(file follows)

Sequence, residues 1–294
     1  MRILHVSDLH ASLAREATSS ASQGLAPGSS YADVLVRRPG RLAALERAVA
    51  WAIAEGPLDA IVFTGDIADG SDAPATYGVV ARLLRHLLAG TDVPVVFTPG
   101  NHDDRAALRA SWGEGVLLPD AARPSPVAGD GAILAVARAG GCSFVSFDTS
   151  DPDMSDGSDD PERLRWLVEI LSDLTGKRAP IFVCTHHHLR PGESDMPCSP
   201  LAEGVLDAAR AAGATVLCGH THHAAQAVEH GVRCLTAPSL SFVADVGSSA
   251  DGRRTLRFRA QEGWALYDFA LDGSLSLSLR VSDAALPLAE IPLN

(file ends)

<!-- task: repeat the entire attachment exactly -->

Sequence, residues 1–294
     1  MRILHVSDLH ASLAREATSS ASQGLAPGSS YADVLVRRPG RLAALERAVA
    51  WAIAEGPLDA IVFTGDIADG SDAPATYGVV ARLLRHLLAG TDVPVVFTPG
   101  NHDDRAALRA SWGEGVLLPD AARPSPVAGD GAILAVARAG GCSFVSFDTS
   151  DPDMSDGSDD PERLRWLVEI LSDLTGKRAP IFVCTHHHLR PGESDMPCSP
   201  LAEGVLDAAR AAGATVLCGH THHAAQAVEH GVRCLTAPSL SFVADVGSSA
   251  DGRRTLRFRA QEGWALYDFA LDGSLSLSLR VSDAALPLAE IPLN